Mental flexibility depends on a largely distributed white matter network: Causal evidence from connectome-based lesion-symptom mapping
- Cortex. - Elsevier BV. - 2023, vol. 165, p. 38-56
Mental flexibility (MF) refers to the capacity to dynamically switch from one task to
another. Current neurocognitive models suggest that since this function requires interactions between multiple remote brain areas, the integrity of the anatomic tracts connecting these brain areas is necessary to maintain performance.
We tested this hypothesis by assessing with a connectome-based lesion-symptom
mapping approach the effects of white matter lesions on the brain’s structural connectome and their association with performance on the trail making test, a neuropsychological test of MF, in a sample of 167 first unilateral stroke patients.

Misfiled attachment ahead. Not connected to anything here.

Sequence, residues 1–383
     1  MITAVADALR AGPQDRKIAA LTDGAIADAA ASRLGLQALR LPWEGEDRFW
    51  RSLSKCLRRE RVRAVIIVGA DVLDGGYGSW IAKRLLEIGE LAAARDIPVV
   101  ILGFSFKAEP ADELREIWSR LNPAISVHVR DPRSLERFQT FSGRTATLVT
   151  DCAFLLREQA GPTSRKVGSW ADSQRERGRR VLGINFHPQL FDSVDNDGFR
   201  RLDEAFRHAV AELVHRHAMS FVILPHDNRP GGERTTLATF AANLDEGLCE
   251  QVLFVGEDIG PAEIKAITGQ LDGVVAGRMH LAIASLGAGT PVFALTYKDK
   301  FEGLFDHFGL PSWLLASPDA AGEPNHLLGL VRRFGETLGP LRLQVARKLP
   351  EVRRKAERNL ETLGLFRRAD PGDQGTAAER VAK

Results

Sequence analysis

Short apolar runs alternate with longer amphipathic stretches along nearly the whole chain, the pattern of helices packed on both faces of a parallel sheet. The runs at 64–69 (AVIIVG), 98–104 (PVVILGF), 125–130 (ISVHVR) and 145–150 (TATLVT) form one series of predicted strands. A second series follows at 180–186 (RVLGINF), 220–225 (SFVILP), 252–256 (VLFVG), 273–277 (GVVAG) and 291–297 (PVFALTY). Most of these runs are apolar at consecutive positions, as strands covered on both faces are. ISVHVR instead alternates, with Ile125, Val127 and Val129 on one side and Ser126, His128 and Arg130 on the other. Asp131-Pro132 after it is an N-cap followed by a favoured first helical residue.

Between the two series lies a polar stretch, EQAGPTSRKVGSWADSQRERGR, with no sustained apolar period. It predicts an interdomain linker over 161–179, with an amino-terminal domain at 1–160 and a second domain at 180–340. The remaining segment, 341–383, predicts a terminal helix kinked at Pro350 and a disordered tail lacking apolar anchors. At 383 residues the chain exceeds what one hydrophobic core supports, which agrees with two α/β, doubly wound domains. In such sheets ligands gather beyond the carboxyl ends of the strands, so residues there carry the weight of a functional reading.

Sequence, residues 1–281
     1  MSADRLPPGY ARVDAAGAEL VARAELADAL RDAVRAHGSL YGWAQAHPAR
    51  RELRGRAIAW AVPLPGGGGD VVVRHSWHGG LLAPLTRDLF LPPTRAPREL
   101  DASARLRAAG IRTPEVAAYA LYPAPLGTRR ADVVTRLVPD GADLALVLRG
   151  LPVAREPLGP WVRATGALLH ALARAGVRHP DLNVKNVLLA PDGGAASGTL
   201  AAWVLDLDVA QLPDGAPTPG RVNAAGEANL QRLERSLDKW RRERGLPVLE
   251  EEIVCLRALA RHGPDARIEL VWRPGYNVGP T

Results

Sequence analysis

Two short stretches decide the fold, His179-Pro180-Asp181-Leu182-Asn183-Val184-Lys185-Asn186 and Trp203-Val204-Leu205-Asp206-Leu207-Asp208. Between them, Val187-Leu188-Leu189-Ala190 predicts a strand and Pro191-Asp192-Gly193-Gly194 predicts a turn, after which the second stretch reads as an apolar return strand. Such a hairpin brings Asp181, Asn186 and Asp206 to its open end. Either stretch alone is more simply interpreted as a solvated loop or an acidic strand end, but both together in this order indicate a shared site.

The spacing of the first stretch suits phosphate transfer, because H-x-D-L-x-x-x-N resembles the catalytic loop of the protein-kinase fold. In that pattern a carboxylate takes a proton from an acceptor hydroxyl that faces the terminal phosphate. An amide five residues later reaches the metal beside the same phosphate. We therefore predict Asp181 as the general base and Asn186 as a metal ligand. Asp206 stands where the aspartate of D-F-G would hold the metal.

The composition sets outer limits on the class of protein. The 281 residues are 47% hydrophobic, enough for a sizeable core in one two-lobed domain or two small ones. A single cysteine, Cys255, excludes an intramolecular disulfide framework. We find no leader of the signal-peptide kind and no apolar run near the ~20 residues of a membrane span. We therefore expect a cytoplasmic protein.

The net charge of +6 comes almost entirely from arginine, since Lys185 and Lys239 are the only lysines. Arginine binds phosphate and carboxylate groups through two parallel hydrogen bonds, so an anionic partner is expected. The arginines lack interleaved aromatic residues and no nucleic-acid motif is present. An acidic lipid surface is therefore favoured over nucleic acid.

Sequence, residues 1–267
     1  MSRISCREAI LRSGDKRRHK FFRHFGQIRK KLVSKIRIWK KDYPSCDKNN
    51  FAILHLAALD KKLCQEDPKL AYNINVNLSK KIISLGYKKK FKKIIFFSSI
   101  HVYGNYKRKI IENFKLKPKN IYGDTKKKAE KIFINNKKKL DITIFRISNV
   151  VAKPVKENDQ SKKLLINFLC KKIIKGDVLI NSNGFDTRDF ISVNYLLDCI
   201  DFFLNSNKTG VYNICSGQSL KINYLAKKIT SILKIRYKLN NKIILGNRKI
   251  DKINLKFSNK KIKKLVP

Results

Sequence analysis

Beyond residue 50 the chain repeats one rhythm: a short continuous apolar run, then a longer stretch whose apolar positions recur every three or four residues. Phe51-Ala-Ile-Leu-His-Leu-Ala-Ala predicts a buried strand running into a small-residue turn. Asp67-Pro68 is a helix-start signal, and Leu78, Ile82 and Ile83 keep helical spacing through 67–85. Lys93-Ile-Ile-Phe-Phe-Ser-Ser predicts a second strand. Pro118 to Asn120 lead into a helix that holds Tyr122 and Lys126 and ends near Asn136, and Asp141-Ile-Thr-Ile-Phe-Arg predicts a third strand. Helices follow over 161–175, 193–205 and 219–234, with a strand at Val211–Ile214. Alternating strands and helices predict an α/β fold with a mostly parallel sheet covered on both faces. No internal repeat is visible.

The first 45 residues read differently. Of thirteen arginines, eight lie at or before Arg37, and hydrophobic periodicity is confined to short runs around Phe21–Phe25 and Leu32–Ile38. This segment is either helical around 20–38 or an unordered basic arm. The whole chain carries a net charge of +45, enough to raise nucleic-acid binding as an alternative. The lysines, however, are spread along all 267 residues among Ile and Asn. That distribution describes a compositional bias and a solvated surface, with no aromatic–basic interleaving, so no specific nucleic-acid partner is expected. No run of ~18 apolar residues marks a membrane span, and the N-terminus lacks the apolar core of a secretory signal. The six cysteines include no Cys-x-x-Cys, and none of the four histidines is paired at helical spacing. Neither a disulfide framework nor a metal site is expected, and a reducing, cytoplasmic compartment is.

We found associations between MF deficits and damage of i) left lateralized fronto-temporo-parietal connections and interhemispheric connections between left temporoparietal and right parietal areas; ii) left cortico-basal connections; and iii) left corticopontine connections. We further identified a relationship between MF and white matter disconnections within cortical areas composing the cognitive control, default mode and attention functional networks.
These results for a central role of white matter integrity in MF extend current literature
by providing causal evidence for a functional interdependence among the regional cortical and subcortical structures composing the MF network. Our results further emphasize the necessity to consider connectomics in lesion-symptom mapping analyses to establish comprehensive neurocognitive models of high-order cognitive functions.
- Faculté des sciences et de médecine
- Médecine 3ème année
Open access status
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